an exploration of my expressions and interests in still life ~ so if you're a similar type you could link with "Ed Buziak / Fotoformat" on Facebook.
“Still Life with Skull” ~ Bohumil Kubišta, 1912.
(Czech, 1884-1918), Oil, 87 x 67 cm.
Bohumil Kubišta (1884–1918) was a Czech painter and art critic, one of the founders of Czech modern painting. He studied at the School of Applied Arts in Prague, but left in 1906 to study at the Reale Istituto di Belle Arti in Florence. With Emil Filla, Antonín Procházka and five others he founded “Osma” (The Eight), an Expressionist-oriented group of artists.
Kubišta came to his individual expression gradually, at first he was influenced by the work of Vincent van Gogh and Paul Cézanne. He educated himself in philosophy and optics, and studied colour and the geometrical construction of painting.
“Still Life with Fruit” ~ Moise Kisling, 1913.
Moise Kisling (b. Krakow, Poland, 22 Jan 1891; d. Sanary, France, 29 April 1953) was a French painter of Polish birth. He studied at the School of Fine Arts in Krakow, where his teachers included Jozef Pankiewicz, a fervent admirer of Auguste Renoir and the French Impressionists, who encouraged him to go to Paris. He arrived there in 1910, frequented Montmartre and Montparnasse, and soon became acquainted with Amedeo Modigliani, Georges Braque, Pablo Picasso, Max Jacob, André Salmon and Chaďm Soutine. For a short time he lived in the Bateau-Lavoir in Montmartre and in 1911-12 spent nearly a year at Céret. In 1913 he took a studio in Montparnasse, where he lived for the next 27 years; Jules Pascin and later Modigliani lived in the same building. On the outbreak of World War I he volunteered for service in the French Foreign Legion, and in 1915 he was seriously wounded in the Battle of the Somme, for which he was awarded French nationality.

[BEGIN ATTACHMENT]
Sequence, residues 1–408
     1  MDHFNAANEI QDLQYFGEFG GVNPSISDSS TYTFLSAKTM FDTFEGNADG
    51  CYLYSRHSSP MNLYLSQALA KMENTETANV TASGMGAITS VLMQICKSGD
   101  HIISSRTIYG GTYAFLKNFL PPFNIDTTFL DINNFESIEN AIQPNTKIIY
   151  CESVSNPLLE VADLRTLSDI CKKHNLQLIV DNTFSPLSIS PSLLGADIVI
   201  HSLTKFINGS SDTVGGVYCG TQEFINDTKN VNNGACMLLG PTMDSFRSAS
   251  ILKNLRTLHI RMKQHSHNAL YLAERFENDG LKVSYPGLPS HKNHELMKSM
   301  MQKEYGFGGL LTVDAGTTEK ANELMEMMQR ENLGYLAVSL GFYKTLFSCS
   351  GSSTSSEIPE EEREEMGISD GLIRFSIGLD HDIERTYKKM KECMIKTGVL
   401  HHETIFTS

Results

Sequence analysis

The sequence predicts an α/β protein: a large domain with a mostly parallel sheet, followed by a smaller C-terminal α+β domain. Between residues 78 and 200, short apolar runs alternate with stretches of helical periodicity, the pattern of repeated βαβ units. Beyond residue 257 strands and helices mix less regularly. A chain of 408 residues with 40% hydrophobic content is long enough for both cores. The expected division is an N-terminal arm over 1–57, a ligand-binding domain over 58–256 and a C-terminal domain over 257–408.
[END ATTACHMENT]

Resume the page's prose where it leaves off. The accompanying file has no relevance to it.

“The Pattern Tablecloth” ~ Philip Sutton, 1971.
Oil on canvas, 102 x 102cm (40 3/16 x 40 3/16in).
The artist and graphic illustrator Philip Sutton has exhibited widely in London since the 1950s. As well as paintings and illustrations he has produced ceramics and textiles. His work is characterised by strong, bright colour and an expansive drawing style. Sutton taught at the Slade School of Art from 1954 to 1963, before travelling to Australia and Fiji to paint. In 1987 he designed a set of commemorative stamps for the Post Office. His work is held by a number of galleries including the Tate, and in the Arts Council collection.
“Still-life with Tools” ~ Albert Renger-Patzsh, 1905.
“White Poppies” ~ Hazel Nagl.
Hazel Nagl is a graduate of Glasgow School of Art, where she studied Drawing and Painting. Following graduation, she lived and worked at the Art School’s workshop at Culzean Castle where she developed an interest in landscape painting in response to the varied and dramatic surroundings. She is widely known for her still life and landscape paintings, her preoccupations being imparting a sense of space and light and an expressive impulse. She handles watercolour superbly, layering veils of translucent colour through her work.